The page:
Title:
Printer Job Language Suspension
Kind Code:
A1


Abstract:
A method is provided for temporarily disabling printer job language (PJL) commands in a printer device. In a printer device, an electronically formatted print job is accepted with embedded PJL commands. The method parses the print job, and in doing so, differentiates a first PJL command and a PJL disable command. The print job is automatically processed (as is conventional), while temporarily ignoring the first PJL command in response to the PJL disable command. In one aspect, the printer differentiates the first PJL command enveloping the print job, and the PJL disable command enveloping the first PJL command envelope.



Inventors:
Sojian, Lena (Fountain Valley, CA, US)
Application Number:
12/037883
Publication Date:
08/27/2009
Filing Date:
02/26/2008
Primary Class:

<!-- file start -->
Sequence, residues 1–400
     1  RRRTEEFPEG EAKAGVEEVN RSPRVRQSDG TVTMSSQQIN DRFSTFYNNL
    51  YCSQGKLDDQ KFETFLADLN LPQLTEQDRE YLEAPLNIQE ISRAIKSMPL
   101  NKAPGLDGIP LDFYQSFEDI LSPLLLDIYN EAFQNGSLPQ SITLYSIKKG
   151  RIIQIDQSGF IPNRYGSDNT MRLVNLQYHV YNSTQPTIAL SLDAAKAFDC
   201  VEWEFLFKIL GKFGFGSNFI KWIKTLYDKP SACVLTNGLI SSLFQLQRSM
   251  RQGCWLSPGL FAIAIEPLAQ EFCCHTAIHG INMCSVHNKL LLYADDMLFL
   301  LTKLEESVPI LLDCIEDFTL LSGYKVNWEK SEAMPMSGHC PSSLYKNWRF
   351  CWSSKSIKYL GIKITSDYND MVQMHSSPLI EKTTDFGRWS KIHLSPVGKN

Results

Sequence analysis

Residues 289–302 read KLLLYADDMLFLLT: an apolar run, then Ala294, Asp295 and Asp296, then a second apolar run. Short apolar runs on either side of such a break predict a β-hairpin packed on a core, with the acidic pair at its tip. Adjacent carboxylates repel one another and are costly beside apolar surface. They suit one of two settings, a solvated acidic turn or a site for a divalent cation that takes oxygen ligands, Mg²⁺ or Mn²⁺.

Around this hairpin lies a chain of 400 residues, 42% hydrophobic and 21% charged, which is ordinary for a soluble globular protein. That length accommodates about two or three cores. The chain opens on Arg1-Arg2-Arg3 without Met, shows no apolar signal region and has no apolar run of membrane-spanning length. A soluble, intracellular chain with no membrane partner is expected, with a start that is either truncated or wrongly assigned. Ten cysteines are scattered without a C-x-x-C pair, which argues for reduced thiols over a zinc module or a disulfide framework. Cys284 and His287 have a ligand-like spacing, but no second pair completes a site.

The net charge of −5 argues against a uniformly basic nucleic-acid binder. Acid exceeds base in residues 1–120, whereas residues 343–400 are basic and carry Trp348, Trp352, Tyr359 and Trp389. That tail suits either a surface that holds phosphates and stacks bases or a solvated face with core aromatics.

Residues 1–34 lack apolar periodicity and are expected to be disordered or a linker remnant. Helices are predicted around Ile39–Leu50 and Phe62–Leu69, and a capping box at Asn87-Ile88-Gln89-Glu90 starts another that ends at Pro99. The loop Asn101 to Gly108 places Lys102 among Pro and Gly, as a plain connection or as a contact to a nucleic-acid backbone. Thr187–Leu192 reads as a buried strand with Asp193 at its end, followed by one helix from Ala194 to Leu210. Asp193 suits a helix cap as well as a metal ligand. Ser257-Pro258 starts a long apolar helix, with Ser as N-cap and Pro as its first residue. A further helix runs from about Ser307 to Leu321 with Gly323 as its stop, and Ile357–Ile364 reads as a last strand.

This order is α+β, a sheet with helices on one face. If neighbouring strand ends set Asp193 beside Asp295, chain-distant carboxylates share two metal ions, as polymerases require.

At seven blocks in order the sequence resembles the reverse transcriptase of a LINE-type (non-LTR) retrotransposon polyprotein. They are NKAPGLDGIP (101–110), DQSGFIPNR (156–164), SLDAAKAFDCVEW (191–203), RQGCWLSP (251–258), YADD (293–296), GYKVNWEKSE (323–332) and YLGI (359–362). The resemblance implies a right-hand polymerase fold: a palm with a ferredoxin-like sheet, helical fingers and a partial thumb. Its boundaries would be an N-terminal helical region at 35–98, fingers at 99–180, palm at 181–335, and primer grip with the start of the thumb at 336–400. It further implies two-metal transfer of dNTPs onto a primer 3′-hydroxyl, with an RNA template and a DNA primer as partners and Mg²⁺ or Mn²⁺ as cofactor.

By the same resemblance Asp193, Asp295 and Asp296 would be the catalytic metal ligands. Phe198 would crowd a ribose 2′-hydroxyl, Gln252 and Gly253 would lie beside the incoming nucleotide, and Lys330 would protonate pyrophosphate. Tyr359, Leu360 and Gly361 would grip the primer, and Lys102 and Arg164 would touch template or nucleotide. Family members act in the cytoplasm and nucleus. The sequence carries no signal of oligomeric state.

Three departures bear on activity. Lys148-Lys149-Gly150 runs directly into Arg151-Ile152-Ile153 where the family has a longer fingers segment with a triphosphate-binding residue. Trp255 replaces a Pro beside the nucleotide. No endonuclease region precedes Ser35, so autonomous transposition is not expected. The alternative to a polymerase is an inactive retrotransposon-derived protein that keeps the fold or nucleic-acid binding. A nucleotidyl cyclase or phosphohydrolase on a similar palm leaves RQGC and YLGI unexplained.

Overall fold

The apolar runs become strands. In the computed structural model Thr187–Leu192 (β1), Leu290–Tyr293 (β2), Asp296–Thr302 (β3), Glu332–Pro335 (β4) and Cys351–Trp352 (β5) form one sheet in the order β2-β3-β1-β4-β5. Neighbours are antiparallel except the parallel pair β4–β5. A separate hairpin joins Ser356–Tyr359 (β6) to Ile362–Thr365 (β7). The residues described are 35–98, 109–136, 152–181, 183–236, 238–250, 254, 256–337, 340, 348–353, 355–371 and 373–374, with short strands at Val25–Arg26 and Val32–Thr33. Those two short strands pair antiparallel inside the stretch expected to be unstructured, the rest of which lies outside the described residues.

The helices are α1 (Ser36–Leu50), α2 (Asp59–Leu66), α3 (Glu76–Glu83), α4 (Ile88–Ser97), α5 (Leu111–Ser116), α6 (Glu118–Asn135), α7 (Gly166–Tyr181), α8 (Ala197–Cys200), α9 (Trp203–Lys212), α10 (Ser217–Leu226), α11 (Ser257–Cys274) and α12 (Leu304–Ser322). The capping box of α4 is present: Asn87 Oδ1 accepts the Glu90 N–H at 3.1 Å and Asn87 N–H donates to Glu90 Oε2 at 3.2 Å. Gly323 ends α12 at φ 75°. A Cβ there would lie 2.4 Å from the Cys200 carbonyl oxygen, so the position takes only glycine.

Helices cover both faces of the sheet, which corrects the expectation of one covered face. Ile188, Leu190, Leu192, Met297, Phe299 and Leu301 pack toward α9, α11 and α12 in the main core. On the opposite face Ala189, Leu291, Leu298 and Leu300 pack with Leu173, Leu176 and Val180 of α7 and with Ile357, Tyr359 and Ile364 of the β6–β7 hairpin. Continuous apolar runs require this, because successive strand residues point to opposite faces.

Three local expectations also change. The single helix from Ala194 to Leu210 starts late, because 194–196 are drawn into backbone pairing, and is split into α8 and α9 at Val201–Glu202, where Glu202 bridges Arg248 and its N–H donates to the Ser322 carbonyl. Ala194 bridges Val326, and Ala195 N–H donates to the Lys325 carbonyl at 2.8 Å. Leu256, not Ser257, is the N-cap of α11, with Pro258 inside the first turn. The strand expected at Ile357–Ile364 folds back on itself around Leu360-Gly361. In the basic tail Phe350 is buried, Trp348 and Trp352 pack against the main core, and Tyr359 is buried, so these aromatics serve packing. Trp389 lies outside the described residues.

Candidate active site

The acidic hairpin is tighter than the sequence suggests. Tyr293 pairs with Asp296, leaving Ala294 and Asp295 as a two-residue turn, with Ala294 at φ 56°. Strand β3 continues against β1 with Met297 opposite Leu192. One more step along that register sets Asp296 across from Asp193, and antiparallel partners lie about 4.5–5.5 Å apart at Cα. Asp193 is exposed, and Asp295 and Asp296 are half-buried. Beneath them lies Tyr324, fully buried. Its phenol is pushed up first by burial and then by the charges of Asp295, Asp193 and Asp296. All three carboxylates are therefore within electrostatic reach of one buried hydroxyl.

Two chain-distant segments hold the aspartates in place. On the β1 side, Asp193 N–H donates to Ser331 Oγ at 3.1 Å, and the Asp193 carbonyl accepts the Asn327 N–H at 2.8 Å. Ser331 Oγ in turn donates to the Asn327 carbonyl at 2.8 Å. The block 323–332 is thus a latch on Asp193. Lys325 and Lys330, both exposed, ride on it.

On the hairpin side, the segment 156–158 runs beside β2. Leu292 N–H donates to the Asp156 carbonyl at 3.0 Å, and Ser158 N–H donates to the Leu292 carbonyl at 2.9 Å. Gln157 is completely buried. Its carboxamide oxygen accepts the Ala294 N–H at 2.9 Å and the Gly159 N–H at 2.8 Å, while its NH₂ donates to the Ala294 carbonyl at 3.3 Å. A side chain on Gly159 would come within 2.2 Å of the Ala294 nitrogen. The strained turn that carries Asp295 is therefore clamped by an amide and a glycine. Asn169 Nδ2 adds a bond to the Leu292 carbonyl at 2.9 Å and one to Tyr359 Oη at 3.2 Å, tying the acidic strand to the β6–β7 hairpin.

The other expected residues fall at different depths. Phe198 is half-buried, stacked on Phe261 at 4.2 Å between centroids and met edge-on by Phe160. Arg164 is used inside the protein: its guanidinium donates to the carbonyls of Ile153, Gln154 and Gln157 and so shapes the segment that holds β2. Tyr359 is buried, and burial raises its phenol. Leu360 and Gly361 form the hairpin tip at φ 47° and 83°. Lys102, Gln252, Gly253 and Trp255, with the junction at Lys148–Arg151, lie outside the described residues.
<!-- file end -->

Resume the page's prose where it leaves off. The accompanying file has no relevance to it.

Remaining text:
International Classes:
G06F15/00
View Patent Images:



Primary Examiner:
NGUYEN, NGON BINH
Attorney, Agent or Firm:
SHARP LABORATORIES OF AMERICA, INC. (SAN DIEGO, CA, US)
Claims:
We claim:

1. In a printer device, a method for temporarily disabling printer job language (PJL) commands, the method comprising: in a printer device, accepting an electronically formatted print job with embedded PJL commands; parsing the print job, differentiating a first PJL command and a PJL disable command; and, in response to the PJL disable command, automatically processing the print job, while temporarily ignoring the first PJL command.

2. The method of claim 1 wherein differentiating the first PJL command includes differentiating a PJL command selected from a group consisting of ENTER, INITIALIZE, RESET, SET, JOB, DEFAULT, ECHO, INFO, INQUIRE, and END-OF-JOB (EOJ) commands.

3. The method of claim 1 wherein differentiating the first PJL command and the PJL disable command includes: differentiating the first PJL command enveloping the print job; and, differentiating the PJL disable command enveloping the first PJL command envelope.

4. The method of claim 3 wherein differentiating the PJL disable command enveloping the first PJL command envelope includes differentiating the PJL disable command embedded in a global job settings envelope.